Portobello Antique Dealers' Association chairman Costas Kleanthous has long feared such a move, which he believes would set a precedent for landlords to bring in alternative tenants to squeeze out antiques dealers. And he has put Kensington and Chelsea Council on notice that granting permission would risk bringing about the end of the world-famous antiques enclave.
"There is no way that the antiques dealers can trade seven days a week," he told ATG. "At the moment, antiques dealers spend most days of the week buying stock from auctions and other sources which they then offer at Portobello on Fridays and Saturdays. Seven-day opening would prevent them from doing this, forcing them to quit the arcade."
He also fears that once the Admiral Vernon Arcade – which he dubbed an "anchor antiques arcade" for Portobello – won permission for seven-day-a-week trading, it would not be long before it spread to the rest of the area, cutting out the antiques trade for good.
In a letter of objection to Kensington and Chelsea Council, Mr Kleanthous writes: "If the council was to grant this application, it would enable the owners to put the ground floor and the basement on the market as they did with Lipka's Antiques Arcade, now an All Saints clothing store. Because of the high footfall at the weekend, this will attract another chain retailer with a devastating blow to the antiques market from which it is unlikely to recover."
It's a view shared by Save Portobello campaigner Marion Gettleson, who has traded from Portobello for 50 years. Along with Mr Kleanthous and other local interest groups, she has objected to the application, which seeks to set aside restrictions imposed on the use of the arcade when the basement was dug out for additional space in the 1990s.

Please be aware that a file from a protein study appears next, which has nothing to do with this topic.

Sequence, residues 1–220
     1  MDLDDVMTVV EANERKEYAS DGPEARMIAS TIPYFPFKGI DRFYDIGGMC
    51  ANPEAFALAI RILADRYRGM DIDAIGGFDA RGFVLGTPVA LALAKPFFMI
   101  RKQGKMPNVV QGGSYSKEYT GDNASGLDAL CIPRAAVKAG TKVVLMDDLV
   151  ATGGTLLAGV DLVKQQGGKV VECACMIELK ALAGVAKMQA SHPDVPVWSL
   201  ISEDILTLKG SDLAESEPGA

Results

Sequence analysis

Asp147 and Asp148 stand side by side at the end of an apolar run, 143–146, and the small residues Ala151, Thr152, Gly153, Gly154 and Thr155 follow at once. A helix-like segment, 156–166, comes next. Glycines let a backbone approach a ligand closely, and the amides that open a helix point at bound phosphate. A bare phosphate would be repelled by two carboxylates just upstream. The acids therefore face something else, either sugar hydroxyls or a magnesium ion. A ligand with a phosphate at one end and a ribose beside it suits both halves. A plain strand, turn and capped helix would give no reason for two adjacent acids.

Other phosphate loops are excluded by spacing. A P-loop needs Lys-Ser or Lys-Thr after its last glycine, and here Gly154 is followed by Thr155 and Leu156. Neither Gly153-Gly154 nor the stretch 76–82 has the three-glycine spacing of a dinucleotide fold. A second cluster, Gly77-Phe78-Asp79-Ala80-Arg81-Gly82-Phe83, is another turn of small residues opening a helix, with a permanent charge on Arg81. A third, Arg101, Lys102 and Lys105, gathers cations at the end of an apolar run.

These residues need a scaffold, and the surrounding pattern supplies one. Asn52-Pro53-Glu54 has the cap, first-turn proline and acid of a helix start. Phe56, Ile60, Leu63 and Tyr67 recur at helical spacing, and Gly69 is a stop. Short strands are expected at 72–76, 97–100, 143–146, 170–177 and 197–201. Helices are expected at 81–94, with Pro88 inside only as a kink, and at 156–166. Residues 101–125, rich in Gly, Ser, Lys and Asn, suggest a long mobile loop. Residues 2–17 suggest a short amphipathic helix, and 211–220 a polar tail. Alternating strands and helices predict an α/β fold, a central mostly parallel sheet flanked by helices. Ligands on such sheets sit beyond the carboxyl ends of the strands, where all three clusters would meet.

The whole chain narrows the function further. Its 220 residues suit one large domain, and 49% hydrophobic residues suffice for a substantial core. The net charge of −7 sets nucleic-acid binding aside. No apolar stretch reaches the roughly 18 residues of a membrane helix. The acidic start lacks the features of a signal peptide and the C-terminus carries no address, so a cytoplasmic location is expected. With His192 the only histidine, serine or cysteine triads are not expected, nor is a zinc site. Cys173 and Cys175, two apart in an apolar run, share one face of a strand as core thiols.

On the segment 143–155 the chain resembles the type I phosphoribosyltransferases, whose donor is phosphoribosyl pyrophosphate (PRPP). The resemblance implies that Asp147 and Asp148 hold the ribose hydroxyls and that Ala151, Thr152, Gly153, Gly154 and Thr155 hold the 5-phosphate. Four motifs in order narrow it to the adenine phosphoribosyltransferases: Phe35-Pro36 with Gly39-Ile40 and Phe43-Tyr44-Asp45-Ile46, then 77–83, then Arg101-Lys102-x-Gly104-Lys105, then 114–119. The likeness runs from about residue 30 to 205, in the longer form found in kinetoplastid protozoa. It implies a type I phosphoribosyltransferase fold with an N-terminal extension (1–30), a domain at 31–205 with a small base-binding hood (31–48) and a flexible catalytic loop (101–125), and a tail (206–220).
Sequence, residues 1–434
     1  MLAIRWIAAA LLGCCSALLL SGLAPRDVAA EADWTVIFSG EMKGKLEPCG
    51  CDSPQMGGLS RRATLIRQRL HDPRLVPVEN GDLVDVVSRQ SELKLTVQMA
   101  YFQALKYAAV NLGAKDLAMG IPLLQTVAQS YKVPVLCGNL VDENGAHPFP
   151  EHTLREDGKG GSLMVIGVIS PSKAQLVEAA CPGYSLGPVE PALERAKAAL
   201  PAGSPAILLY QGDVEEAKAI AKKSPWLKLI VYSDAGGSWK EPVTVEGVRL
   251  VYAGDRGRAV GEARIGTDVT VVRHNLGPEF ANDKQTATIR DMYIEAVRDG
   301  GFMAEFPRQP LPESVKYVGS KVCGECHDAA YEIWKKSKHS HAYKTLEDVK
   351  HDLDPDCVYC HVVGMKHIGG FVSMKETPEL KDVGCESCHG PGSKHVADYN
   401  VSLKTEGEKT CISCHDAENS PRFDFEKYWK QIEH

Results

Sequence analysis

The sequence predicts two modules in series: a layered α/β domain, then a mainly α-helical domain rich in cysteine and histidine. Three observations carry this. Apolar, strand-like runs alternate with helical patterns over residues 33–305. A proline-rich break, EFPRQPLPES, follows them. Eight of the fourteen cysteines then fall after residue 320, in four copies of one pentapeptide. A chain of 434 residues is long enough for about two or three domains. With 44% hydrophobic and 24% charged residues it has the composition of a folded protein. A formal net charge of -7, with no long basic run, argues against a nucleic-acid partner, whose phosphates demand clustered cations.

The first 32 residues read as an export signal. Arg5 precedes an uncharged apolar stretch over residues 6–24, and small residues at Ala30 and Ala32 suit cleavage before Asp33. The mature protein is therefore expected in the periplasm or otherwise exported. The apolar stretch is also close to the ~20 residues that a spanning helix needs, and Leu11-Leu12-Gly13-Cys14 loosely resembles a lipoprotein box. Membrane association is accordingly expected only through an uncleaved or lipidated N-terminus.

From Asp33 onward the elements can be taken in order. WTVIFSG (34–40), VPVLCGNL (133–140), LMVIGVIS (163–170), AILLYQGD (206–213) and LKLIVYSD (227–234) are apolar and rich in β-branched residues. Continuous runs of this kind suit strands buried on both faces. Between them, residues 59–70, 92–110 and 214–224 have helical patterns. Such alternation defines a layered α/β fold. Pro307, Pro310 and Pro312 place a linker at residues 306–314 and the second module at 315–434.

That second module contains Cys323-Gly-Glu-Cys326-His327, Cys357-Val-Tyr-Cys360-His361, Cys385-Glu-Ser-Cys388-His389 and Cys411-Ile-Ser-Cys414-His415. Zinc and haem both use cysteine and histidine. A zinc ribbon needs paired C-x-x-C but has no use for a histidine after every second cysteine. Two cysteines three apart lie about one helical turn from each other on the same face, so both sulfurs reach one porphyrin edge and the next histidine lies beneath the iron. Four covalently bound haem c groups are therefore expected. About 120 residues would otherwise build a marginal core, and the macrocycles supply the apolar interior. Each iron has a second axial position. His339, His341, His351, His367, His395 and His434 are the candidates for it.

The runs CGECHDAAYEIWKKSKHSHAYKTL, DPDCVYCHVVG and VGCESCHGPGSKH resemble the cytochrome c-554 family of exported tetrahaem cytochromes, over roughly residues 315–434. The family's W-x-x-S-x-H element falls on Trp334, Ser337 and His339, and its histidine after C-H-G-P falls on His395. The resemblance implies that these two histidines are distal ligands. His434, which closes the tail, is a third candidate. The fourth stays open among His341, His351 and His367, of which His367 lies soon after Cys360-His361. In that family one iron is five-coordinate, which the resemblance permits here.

One restriction states that trading should be limited to Fridays and Saturdays "to safeguard the amenities of neighbouring properties".
What makes all this worse, says Mrs Gettleson, is that the application has been made without the applicants or Kensington and Chelsea Council consulting those most affected: the freeholders, Octavia Hill Housing Trust, the residents of the 18 properties above the arcade, or the residents of nearby Vernon's Yard.
The outcry comes as a bid for retrospective planning permission concerning the fascia of the former Lipka's Arcade, now the massive All Saints store, has gone before the council.
In April last year, a mass of protestors packed the council chamber to hear the planning committee denounce the new shop frontage on the corner of Portobello Road and Westbourne Grove as unacceptable. All Saints were given six months to replace what was seen as a design that was inappropriate in scale, scope, design and use of materials.
That ruling ran into problems pending an appeal, and now a new application seeks to water down the alterations. Some of those objecting believe this proposes an even worse design for the section that runs along Portobello Road.
That planning decision is due to be taken by the Council on March 9.
By Ivan Macquisten